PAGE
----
How Scotland’s hotels are moving away from tartan and stag heads

The one-storey, larch-clad, cabin sits in a glade of silver birches overlooking a lake in a landscape of low hills. Inside, the strippers have been going wild: there are stripped pine floors and stripped, rough-hewn tables. There are also Sami-patterned rugs, soft grey furnishings and IKEA bucket chairs.

Sheer Scandinavia it might be, but we’re not on a Finnish lake, much less a Norwegian fjord. Hame House* sits on a very Scottish loch in the northern part of Skye. The furnishings are by a proudly Scottish company, Anta.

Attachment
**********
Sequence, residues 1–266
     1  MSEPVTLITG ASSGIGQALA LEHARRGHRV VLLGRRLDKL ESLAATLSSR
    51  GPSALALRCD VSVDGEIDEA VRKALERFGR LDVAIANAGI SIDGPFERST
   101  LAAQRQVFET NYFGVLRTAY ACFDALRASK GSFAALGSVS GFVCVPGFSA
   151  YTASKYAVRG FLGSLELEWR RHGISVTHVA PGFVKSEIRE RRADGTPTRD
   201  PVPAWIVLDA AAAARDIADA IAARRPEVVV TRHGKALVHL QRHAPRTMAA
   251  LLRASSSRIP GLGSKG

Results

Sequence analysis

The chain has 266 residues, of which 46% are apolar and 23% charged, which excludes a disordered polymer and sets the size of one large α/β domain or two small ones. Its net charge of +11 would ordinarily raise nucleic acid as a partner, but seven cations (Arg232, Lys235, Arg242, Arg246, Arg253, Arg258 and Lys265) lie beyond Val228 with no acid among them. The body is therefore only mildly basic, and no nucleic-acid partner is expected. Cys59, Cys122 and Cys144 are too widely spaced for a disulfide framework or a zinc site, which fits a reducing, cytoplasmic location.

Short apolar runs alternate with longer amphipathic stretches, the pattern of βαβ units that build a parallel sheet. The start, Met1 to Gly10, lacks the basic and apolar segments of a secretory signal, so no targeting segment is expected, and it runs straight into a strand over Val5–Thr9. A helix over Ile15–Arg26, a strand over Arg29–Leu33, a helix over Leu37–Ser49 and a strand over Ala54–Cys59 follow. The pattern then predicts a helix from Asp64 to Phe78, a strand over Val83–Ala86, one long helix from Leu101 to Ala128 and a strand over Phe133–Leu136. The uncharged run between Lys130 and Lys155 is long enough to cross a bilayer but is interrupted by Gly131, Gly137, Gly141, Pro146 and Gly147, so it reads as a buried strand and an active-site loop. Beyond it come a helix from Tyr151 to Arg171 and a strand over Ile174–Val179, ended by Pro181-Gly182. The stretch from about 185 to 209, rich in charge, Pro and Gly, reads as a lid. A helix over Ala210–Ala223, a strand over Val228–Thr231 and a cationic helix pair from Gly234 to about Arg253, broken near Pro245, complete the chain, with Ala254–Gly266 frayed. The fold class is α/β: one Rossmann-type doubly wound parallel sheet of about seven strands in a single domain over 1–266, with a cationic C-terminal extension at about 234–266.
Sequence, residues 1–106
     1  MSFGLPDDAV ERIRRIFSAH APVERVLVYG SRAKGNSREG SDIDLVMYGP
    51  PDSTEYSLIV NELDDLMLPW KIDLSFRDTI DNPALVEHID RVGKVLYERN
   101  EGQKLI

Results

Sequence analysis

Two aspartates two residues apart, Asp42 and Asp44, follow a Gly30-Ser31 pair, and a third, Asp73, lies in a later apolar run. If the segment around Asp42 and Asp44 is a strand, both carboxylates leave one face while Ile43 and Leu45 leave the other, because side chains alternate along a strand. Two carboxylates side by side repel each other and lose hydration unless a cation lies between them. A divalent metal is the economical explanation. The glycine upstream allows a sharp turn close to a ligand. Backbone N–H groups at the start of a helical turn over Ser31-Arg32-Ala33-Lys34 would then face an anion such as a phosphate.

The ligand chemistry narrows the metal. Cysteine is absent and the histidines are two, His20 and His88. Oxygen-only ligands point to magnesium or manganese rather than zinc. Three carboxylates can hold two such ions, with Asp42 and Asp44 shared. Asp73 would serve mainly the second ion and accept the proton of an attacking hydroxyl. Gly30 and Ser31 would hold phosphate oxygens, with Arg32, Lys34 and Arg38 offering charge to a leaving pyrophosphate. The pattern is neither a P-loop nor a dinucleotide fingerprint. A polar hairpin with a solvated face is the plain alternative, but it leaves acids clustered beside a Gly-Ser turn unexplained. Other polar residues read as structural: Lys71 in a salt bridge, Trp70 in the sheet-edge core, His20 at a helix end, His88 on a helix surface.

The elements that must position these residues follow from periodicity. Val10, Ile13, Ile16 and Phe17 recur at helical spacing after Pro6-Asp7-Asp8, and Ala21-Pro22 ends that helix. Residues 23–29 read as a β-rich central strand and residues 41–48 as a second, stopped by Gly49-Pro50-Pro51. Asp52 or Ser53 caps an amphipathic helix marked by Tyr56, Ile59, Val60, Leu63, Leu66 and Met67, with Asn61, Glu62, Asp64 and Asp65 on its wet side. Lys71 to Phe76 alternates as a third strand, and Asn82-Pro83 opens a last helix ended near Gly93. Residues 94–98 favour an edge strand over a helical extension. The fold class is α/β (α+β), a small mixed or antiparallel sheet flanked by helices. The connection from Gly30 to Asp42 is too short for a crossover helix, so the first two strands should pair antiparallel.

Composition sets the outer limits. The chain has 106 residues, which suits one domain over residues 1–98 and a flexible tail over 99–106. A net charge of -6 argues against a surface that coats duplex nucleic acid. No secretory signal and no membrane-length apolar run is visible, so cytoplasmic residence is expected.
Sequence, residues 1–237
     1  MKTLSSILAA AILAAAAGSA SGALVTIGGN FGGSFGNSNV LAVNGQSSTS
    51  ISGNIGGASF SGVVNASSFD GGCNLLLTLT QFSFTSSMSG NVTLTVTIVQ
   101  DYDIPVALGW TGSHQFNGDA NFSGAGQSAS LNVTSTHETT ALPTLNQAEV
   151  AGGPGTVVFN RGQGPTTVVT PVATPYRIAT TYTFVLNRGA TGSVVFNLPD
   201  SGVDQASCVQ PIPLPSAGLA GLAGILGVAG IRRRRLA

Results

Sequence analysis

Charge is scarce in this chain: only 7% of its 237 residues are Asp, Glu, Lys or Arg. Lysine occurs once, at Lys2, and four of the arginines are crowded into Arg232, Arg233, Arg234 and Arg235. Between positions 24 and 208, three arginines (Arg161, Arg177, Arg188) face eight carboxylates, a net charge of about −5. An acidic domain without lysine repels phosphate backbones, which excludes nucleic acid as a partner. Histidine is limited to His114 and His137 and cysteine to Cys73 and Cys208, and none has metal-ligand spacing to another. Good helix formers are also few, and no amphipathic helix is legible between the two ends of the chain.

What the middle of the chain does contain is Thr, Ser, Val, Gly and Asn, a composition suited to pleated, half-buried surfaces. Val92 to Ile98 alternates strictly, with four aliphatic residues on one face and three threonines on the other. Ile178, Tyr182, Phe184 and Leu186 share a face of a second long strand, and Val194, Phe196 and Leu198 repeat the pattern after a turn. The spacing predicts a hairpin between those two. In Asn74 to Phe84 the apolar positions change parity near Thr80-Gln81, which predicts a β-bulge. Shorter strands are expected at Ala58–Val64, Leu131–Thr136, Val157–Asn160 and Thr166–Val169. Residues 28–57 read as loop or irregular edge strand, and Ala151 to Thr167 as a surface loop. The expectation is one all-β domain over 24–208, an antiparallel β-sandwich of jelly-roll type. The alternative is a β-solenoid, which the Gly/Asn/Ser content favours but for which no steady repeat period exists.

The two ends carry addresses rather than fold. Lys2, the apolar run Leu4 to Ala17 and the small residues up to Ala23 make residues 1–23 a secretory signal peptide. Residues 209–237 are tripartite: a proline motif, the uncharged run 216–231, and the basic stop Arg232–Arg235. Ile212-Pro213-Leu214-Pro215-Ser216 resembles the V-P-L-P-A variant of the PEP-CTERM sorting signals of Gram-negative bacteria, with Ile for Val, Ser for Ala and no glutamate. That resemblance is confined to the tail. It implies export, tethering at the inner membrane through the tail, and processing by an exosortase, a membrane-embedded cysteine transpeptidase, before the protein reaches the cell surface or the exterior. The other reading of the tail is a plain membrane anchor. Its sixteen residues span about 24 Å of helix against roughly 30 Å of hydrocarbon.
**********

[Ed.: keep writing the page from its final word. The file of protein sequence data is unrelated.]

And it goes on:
It’s a newly-opened hotel that’s part of Scotland’s newly-crafted aesthetic landscape. Anne Storm Holch Povlsen, the Danish wife of Scotland’s biggest landowner, calls it “Scandi-Scot”. Mumtaz Lalani of the luxury lodge 57 Nord calls it “Norse-Gael”. Scottish hotelier Gordon Campbell-Grey of The Three Chimneys calls it “McScandi”.

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